Red Sox first-rounder Trey Ball: ‘I feel that Boston is right for me’
|06.06.13 at 10:25 pm ET|
Left-hander Trey Ball expected to be a first-rounder, perhaps even a top 10 pick. Still, even in a best-case scenario, he didn’t see himself going to the Red Sox with the No. 7 overall pick in the draft.
In retrospect, however, perhaps his selection should not have been as great as a surprise as it seemed. Ball fits a lot of check marks in terms of player profiles that the Red Sox tend to seek in the draft. They like big pitchers with projectable frames, and given his height and the ability to fill out, it takes little to imagine him adding even more to his fastball velocity. Moreover, because he is athletic, that suggests an ability to repeat a delivery and command. (And Ball is athletic — very, very athletic.) Moreover, the Sox love to take pitchers in the Midwest, feeling that their stuff is often underrated due to the fact that they are rarely seen in ideal weather conditions.
All of that being the case, it was, perhaps, unsurprising to hear that the Sox were the team with the highest pick in the draft to speak extensively with Ball. Still, the left-hander acknowledged being caught off guard when Boston picked him.
“We had a lot of contact with them in the spring. They sent in multiple guys to come visit and have meetings with me. They sent in their site guy. I had a lot of contacts with them,” said Ball. “Coming [into the draft], I’d heard [about being picked] mostly between eight and 14. Being picked seventh by Boston, it was great. I was speechless. It’s kind of surprising. I had no idea where it was coming from. I guess it was a last-minute decision, but I’m not sure. It’s a moment of greatness, and I’m very excited, very happy.”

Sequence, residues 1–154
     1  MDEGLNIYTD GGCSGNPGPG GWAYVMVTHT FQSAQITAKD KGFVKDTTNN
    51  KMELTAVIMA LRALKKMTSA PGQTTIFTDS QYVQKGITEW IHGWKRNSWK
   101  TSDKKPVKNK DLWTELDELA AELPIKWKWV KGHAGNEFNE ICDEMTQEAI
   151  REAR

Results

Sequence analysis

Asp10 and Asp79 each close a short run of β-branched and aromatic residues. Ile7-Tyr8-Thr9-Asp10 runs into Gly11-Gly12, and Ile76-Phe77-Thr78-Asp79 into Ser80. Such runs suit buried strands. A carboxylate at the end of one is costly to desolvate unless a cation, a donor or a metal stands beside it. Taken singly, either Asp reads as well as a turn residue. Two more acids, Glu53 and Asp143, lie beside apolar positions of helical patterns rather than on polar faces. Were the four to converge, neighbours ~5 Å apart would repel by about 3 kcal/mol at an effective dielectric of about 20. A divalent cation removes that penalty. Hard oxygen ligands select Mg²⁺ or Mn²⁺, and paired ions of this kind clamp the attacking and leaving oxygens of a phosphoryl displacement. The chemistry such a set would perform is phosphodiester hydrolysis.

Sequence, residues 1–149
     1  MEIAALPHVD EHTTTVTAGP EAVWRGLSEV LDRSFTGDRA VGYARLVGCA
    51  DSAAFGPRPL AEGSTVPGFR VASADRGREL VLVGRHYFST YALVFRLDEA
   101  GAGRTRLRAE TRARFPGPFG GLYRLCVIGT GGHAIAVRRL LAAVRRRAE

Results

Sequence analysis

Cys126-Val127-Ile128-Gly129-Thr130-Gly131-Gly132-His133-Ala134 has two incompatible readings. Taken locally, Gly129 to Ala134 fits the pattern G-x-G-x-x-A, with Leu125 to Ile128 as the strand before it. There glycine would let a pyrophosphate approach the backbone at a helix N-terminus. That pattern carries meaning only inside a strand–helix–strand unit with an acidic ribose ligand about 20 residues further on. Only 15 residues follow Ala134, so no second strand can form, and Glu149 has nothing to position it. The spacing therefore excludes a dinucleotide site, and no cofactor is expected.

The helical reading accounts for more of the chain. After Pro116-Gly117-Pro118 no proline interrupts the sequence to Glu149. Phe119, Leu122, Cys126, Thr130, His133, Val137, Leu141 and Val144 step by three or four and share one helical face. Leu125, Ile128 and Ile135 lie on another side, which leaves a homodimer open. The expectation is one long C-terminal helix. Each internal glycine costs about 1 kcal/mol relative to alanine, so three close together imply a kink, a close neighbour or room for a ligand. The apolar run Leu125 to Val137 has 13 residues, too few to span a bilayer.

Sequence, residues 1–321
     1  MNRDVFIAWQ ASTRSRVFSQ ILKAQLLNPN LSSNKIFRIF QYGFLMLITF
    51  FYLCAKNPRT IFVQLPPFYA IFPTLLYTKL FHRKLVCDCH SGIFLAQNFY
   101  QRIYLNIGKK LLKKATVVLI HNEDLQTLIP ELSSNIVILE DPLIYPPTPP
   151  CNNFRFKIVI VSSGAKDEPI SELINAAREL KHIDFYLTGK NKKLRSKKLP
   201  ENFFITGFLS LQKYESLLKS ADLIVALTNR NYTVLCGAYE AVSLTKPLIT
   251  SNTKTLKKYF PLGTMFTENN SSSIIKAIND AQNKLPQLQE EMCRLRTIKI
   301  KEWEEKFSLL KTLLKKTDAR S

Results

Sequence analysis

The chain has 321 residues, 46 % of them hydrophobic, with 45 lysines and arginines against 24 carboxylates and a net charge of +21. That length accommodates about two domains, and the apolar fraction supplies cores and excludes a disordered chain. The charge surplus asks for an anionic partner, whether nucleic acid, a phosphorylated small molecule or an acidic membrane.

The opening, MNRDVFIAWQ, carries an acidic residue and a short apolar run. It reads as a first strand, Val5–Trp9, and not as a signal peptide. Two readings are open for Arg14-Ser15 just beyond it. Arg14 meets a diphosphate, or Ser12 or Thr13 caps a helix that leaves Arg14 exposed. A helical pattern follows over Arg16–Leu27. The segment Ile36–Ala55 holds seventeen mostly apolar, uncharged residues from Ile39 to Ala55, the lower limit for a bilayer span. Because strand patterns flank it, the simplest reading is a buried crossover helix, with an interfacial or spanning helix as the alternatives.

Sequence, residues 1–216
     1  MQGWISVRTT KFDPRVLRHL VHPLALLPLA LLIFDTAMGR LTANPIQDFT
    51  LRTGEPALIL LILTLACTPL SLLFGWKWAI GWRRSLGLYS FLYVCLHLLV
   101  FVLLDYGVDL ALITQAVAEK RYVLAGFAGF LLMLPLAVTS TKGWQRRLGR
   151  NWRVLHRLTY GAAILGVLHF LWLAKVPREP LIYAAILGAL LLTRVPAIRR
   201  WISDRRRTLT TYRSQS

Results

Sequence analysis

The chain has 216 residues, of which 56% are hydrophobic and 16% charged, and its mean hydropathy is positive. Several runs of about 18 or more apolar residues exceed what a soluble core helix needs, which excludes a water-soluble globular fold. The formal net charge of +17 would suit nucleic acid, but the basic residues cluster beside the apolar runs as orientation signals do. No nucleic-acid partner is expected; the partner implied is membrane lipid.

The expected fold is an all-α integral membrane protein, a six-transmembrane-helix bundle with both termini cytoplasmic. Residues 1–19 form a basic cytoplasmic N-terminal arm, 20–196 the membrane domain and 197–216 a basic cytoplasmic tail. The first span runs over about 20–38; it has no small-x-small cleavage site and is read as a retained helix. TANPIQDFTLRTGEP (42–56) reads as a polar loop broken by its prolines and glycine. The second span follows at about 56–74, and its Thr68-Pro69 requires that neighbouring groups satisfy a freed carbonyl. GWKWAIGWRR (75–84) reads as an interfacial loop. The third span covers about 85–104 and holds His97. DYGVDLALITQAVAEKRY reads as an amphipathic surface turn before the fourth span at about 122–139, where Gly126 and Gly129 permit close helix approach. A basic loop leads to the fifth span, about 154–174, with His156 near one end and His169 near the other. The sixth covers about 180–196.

“It was a great shock. I’m speechless still about it,” he said. “We were all surprised. Once they read the name, everyone erupted and everyone was yelling and screaming. I hugged my mom first and that was a moment I’ll never forget.”
Ball has a commitment to pitch for the University of Texas, but given his surprise at being drafted so high, it’s hard to imagine him fulfilling that commitment. Indeed, for the New Castle (Ind.) High School alum, Thursday night represented a moment of considerable celebration.
“Right now, it’s still open [whether he'll go to college or turn pro]. We haven’t shut the door on anything. But it’s the best fit for me and my family. Anything can happen, but I feel that Boston is right for me,” said Ball.
Ball — who suggests that he would like to model his game on that of Cliff Lee, attacking the strike zone with a complete mix of pitches — is more or less at the very outset of his pitching career. His secondary arsenal is a work in progress, since his father wouldn’t let him throw a hook until his junior year in order to protect the 18-year-old’s arm.
“Right now, I feel like my fastball is my go-to pitch,” said Ball. “I need more development work with my changeup and my curveball. I’ve only been throwing a curveball for about a year and a half now. My father had restricted me on throwing a curveball to preserve my arm, so I didn’t have to risk that injury. I see myself working on the curveball a lot, improving that.”
The left-hander has an interesting pedigree that screams of a player who has considerable upside beyond the talent that he’s already shown on the mound. Not only did the 6-foot-6, 180-pound lefty have his senior season limited considerably by brutal weather patterns in the Midwest, but he also spent his high school career as a two-way player (outfielder and pitcher).
However, as his senior season unfolded and he lit up radar guns, his professional future on the mound began to crystallize.
“Growing up, I always did two-way, so I was open-minded to anything. But coming on the gun this year, this spring, my pitching came out strongest this year, and that’s what took off this year for me,” said Ball, who was 6-0 with 0.76 with 93 strikeouts and 13 walks in 46 innings (10 games) this year, while hitting .322 in 90 at-bats with 10 homers, 29 RBI, 21 steals and 31 walks.
Indeed. It is his work on the mound that vaulted him to the No. 7 overall selection, making him the first high school left-hander taken by the Red Sox with their first overall pick since Jon Lester in 2002.
To listen to the complete conference call with Ball, click here.
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